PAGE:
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Midyear Marketing Measurement

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Midyear Marketing Measurement

 

by Brian Jud

 

When a helicopter is at rest,
the dials on its dashboard are all askew, with arrows pointing in different
directions. But when that helicopter is flying straight and level, with no
problems, all the arrows point straight up. The pilot can glance at the
instrument panel and quickly see if any problem exists. When something is
wrong, it’s immediately clear so there’s no need to waste time evaluating
things that are working correctly.

 

You can apply this same concept to
your publishing efforts by setting up a system that quickly highlights
marketing problems. I recommend using the system six months into your fiscal
year and then again at the end of the period, or more often. Once it reveals a
problem, you can determine the problem’s cause and move toward a solution.

 

Look at your key result areas,
rather than at all marketing moves, and measure the difference between what
results are and what you expected them to be at this point. Are your unit sales
as forecast? Is your revenue what you projected? Are profits up to par?

 

For now, ignore titles that are on
target and attend to those below forecast.

 

Step 1. Conduct a
Quantitative Audit

 

A quantitative audit compares
numbers that were forecast with numbers that were achieved. I recommend that
you use a spreadsheet like the one shown below, in which 1H = first half and ?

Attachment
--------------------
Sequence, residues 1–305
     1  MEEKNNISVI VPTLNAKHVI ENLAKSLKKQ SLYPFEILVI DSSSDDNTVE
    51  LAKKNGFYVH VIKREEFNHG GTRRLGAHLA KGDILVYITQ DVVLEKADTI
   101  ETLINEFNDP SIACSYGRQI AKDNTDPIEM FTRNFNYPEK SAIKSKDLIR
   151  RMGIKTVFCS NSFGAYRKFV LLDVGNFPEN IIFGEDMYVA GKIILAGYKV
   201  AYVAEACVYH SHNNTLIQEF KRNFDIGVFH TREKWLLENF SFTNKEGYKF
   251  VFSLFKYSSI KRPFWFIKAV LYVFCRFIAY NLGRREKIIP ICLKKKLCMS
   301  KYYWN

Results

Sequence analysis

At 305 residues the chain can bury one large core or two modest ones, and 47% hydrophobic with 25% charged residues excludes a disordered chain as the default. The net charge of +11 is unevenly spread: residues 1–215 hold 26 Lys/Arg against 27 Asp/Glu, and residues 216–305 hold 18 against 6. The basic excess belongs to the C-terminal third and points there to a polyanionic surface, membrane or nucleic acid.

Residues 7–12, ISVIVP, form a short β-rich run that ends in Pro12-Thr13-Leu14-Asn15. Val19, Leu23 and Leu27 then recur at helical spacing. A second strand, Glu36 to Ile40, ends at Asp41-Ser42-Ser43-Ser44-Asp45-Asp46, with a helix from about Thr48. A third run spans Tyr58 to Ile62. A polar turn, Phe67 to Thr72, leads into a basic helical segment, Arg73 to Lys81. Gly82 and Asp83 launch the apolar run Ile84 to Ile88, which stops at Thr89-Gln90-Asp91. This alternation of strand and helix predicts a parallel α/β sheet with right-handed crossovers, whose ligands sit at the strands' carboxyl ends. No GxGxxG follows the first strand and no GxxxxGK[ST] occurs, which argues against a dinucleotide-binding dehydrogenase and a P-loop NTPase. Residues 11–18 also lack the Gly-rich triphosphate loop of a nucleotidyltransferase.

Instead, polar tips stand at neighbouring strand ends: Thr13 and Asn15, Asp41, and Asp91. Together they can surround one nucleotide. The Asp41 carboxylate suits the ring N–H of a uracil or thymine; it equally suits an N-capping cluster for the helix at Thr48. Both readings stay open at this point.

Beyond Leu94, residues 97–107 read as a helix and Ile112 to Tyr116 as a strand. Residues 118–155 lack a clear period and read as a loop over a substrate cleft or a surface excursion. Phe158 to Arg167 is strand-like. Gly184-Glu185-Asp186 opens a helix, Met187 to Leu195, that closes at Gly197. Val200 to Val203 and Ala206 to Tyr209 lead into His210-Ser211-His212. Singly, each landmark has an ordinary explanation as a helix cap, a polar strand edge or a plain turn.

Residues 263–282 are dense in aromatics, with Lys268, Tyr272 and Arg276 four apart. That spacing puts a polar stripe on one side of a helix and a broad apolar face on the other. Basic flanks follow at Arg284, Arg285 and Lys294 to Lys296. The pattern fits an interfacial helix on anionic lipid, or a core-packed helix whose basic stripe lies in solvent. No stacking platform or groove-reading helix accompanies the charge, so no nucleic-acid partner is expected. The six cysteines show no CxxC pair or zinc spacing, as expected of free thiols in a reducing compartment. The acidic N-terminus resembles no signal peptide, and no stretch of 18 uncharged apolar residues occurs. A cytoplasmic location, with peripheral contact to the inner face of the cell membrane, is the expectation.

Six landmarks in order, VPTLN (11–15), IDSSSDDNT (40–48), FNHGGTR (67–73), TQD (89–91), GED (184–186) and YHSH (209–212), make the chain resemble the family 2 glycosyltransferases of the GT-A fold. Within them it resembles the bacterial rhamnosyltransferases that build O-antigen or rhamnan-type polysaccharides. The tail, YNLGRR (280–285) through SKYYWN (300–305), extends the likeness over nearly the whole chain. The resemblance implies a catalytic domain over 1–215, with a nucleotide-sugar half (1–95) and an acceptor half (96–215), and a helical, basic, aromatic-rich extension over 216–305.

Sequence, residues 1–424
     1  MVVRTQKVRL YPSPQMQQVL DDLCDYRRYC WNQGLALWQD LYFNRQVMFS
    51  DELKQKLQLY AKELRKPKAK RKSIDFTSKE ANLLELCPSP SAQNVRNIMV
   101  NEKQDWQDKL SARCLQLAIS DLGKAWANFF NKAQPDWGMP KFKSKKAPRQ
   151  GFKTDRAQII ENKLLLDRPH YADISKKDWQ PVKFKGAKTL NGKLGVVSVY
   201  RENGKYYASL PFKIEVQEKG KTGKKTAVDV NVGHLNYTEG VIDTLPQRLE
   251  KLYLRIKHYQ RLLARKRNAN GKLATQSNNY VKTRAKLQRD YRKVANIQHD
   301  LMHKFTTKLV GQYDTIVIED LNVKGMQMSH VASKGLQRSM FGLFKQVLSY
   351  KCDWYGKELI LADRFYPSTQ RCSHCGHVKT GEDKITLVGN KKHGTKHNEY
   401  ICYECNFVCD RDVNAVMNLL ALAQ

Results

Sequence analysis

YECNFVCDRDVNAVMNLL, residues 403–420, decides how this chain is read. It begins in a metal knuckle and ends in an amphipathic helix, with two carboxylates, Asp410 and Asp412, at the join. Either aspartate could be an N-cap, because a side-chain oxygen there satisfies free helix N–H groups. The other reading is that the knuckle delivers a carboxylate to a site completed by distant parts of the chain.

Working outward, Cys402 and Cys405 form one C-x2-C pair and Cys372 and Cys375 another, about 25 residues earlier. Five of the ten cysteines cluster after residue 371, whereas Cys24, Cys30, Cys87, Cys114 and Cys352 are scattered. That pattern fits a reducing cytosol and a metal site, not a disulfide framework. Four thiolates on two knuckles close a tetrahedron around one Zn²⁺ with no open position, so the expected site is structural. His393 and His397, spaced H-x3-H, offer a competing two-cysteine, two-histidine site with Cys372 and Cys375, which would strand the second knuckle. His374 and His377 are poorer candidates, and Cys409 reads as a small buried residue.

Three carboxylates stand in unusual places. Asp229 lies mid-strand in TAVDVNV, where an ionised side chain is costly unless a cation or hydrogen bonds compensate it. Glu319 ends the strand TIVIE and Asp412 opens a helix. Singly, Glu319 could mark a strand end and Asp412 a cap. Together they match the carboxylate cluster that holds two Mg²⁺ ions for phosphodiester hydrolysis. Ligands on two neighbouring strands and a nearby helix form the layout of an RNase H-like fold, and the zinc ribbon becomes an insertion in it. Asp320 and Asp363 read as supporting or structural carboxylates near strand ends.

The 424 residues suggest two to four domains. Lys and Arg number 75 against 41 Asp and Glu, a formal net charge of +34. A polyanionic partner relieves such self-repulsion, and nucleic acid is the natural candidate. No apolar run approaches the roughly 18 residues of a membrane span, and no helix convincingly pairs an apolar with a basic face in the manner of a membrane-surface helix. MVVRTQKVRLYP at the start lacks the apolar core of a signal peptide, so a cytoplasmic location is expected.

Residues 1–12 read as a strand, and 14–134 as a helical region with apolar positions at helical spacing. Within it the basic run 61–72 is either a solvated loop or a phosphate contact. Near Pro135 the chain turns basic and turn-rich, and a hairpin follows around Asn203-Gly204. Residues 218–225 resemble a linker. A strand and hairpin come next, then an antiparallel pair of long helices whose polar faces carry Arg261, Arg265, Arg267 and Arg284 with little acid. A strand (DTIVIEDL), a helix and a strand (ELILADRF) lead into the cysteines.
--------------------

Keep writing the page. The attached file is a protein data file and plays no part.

<span
style=’font-size:11.0pt’> = difference.

 

 

<span
class=95StoneSerifSB>Actual Results vs. Forecast
for [Title]

__________________________________________________________________

                                                                                    1H
Profitability

                                    ___________________________________________________

1H Unit
Sales
                    Forecast         Actual
? units ?%                Forecast         Actual ?$
?%

__________________________________________________________________

Distributor A

Wholesaler A

Wholesaler B

Online bookstore A

Online bookstore B

Libraries

Airport stores

Gift shops

Schools

Associations

Catalogs

Mass-market stores

[etc. if necessary]

 

Step 2. Determine the
Cause of Each Shortfall

 

Let’s say your quantitative audit
shows that sales are below forecast in bookstores, libraries, and associations.